Tag: overfishing

  • Taking the pulse of ocean life

    We tend to keep track of things we think are important—blood pressure, how many calories are in that muffin, hurricane tracks, stock prices, celebrity rehab details. But sometime we don’t know what’s important until it’s too late, and that ignorance can come back to bite us. Hence the annual physical exams that are standard in […]

  • Drew Harvell at work in the coral triangle

    My friend, collaborator and post-doc advisor Dr Drew Harvell of Cornell University has published three articles in the New York Times Scientists at Work series about her current trip to the coral triangle. In her Feb 1 post Drew describes her visit to the reefs of Papua, some pristine and diverse, some ravaged by dynamite fishing: […]

  • Monbiot on paper parks

    UK’s George Monbiot wrote about the absurdity that is the UK’s marine reserve system in his column in the Guardian recently (HT to Helen). It is great to see George join a tiny but growing number of voices criticizing “MPAs” (AKA Marine Protected Areas) as a solution to overfishing and other ocean problems. The UK’s marine reserves […]

  • Saving the world’s fisheries

    Saving the world’s fisheries

    A new editorial from the WaPost: THE WORLD’S WATERS are dangerously overfished, threatening the health and livelihood of millions across the planet. A new study from consulting firm California Environmental Associates, part of which appeared in the journal Science last week, estimates that “over 40 percent of fisheries have crashed or are overfished, producing economic losses […]

  • Seafood mislabeling in Belize

    Seafood mislabeling in Belize

    This post was co-authored with Courtney Cox, a PhD student in my lab at UNC, studying fisheries management and reef resilience in Belize. Our paper on seafood mislabeling in Belize is out in Conservation Letters (here).  This paper is the fist of several from our project designed to evaluate the effectiveness of Belize’s national ban on […]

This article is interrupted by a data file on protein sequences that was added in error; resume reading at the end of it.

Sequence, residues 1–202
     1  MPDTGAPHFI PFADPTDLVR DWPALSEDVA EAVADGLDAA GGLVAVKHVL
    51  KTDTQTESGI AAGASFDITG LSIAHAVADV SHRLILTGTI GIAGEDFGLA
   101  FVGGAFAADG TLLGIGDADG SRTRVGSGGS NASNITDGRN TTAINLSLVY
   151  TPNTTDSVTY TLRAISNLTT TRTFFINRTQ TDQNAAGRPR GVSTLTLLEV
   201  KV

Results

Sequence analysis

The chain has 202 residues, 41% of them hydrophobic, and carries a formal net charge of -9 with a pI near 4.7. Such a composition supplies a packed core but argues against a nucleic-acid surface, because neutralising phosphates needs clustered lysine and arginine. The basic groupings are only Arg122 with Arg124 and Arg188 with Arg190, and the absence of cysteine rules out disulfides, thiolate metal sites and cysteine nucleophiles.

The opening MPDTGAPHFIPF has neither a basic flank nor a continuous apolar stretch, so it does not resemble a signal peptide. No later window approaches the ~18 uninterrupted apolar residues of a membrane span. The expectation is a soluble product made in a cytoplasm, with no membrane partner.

• Extinction happens

    This is why we think hunting tiger sharks and other top predators and large sea critter is not cool. They can and do so easily disappear forever. The excerpt  below about the extinction of Stellers Sea Cow on Bering island in the mid-18th century is from The Unnatural History of the Sea by Callum Roberts.  I […]

  • Five things I didn’t know about the ocean

    My review of Professor Callum Roberts’ new book The Ocean of Life has just come out in Toronto’s Globe and Mail. This is the follow up to his first book An unnatural history of the sea (it was one of the Five Books I picked for the Browser) – it dives into the history of how we’ve stripped […]

  • Catch shares

    This is a repost of several articles by Mark Gibson from Breaching the Blue: A new study evaluates the impacts of catch share management in the U.S. and Canada, finding: [C]atch shares result in environmental improvements, economic improvements, and a mixture of changes in social performance, relative to the race for fish under traditional management. Environmentally, compliance with total […]

  • Atlantic Bluefin Tuna

    Atlantic Bluefin Tuna

    You Wouldn’t Eat a Tiger, So Why Would You Eat Endangered Bluefin Tuna?

  • Marine reserves gather steam

    This is a nice piece in the WaPost by the wonderful Juliet Eilperin about two new Marine Protected Area networks. One inaccuracy is that the piece conflates marine reserves and Marine Protected Areas (MPAs). Marine reserves are a sub-category of MPA in which no extraction or other harmful activities are allowed. I also remain very concerned about […]